Fortune News | Jun 26,2021
Impassioned speeches against the proposed property tax proclamation echoed through the deserted meeting hall at the Ministry of Finance on King George VI St. last week.
The Ministry’s call for public consultation on the machinations of the looming tax about a month ago could only gather 17 participants, mostly from the corporate landscape. Attendees attributed the dismal turnout to a 'half-hearted' announcement, which was limited to certain digital platforms.
The acting legal affairs head Tewedaj Mohammed claims the absence of a formal entity to make public pronouncements was the cause for the few number of participants. After pushing the kick-off schedule by 40 minutes, he commenced the processions stating his disappointment.
"I expected at least 200 attendees," he said.
Indeed, the looming property tax which is pending ratification, had many talking about it and enquiring the details. Residents had been raising affordability, transparency, and relevance of imposing property tax during galloping inflation through their representatives asking officials for explanations.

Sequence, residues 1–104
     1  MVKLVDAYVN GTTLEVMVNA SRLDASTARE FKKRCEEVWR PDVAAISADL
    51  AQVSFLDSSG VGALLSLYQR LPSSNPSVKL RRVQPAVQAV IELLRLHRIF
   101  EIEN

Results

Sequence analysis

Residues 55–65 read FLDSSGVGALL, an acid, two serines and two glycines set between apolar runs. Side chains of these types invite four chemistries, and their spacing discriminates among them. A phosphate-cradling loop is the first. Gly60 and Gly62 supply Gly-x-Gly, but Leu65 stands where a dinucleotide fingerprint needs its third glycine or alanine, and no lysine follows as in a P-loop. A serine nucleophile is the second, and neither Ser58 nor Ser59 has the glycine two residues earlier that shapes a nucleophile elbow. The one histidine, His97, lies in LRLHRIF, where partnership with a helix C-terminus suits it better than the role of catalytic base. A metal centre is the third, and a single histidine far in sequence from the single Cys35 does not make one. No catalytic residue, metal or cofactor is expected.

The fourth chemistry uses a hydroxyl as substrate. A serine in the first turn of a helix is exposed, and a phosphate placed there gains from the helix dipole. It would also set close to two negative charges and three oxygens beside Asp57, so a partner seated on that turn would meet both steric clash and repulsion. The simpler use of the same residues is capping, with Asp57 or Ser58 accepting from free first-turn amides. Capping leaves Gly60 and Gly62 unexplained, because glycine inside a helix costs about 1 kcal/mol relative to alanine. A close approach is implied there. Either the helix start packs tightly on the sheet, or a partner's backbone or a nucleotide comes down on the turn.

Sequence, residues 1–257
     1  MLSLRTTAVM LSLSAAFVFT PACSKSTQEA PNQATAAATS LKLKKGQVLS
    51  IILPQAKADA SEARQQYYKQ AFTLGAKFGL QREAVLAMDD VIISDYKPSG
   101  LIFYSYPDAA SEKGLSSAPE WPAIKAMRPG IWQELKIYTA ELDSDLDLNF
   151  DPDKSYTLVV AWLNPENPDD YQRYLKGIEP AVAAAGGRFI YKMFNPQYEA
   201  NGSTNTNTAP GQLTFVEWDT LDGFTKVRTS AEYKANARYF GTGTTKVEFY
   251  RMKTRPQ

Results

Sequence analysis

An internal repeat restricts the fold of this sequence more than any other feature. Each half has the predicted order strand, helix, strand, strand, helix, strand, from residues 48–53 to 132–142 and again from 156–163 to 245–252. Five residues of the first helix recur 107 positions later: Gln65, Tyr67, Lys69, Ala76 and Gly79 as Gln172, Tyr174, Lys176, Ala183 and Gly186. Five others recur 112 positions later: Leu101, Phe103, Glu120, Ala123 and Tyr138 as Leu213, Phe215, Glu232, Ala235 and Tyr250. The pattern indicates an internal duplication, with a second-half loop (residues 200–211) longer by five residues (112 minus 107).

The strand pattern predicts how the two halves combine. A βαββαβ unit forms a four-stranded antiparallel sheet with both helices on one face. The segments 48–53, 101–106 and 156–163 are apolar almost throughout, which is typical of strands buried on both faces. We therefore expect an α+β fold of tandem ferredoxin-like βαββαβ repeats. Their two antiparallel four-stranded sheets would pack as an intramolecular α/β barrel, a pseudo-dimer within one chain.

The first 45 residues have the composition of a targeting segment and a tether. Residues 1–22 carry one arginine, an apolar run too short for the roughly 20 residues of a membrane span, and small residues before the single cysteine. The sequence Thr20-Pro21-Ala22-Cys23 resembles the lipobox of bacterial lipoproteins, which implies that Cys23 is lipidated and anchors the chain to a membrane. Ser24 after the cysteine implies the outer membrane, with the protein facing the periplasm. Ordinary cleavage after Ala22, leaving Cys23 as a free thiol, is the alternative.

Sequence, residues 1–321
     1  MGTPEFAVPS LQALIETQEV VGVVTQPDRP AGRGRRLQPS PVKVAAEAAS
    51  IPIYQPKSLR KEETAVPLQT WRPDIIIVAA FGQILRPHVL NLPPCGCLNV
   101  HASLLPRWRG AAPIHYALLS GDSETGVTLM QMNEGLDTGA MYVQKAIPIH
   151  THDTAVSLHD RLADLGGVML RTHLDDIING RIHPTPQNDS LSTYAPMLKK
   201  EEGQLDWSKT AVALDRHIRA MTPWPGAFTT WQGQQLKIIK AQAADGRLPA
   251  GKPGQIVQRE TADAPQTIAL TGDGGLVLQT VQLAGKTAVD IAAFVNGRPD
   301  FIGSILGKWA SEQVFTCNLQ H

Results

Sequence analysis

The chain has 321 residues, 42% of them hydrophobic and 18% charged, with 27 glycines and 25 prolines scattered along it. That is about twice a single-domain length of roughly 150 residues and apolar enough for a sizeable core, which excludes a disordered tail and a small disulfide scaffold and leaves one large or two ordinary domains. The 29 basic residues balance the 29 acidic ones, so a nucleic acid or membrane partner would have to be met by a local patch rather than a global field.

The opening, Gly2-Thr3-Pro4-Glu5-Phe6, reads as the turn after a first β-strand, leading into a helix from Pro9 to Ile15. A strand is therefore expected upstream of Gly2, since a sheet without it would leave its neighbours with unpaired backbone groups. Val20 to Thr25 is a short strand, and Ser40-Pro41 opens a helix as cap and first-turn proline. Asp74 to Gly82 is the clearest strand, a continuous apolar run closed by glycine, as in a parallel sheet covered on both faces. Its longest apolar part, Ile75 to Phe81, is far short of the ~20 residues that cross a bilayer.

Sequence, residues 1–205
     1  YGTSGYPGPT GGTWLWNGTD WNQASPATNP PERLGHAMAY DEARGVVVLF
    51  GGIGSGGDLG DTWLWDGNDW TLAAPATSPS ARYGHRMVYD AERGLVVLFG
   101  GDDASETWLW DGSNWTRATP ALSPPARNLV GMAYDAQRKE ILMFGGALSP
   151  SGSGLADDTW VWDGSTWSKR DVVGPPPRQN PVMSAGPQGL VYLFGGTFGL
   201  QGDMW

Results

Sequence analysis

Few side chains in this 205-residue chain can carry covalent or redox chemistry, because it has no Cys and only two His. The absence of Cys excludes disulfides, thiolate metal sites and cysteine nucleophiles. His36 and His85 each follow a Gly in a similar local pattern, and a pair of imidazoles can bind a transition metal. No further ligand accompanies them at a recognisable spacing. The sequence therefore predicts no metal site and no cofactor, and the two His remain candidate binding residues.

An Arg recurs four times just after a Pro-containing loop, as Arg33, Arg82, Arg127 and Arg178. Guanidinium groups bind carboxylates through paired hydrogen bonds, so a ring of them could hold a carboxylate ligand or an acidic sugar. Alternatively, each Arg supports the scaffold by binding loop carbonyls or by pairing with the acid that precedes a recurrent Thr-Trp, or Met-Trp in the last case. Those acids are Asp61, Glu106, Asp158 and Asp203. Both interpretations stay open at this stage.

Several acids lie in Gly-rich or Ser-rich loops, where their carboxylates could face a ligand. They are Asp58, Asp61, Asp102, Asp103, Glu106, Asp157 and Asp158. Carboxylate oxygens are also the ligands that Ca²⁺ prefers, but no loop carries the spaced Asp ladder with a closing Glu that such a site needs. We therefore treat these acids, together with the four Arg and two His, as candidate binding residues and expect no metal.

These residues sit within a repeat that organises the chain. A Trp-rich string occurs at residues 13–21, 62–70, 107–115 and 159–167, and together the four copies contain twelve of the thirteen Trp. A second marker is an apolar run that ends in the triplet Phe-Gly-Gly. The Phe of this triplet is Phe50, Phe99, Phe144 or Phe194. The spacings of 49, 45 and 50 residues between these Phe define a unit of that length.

A fiery debate ensued within minutes following the opening remarks by the senior advisor to the Ministry, Wasihun Abate. He explained that the proposed tax be levied to repatriate earnings from appreciated values of private possessions against the backdrop of built infrastructures which are public property.
While indicating that the collected tax would bring "fiscal independence" to regional administrations and increase tax revenues, Wasihun explained to the befuddled audience that the tax would be a sum of levies on both land-holding rights and the buildings while the precise rates on each would be decided when the draft reaches the Council of Ministers.
The federal government is eyeing 441 billion Br in tax revenues for the current fiscal year. Expanding the tax bases has been the preferred strategy with property tax, value-added tax, and excise taxes taking the front.
The mandate to collect the property tax was given to regional states in a joint session of the two legislative houses in January.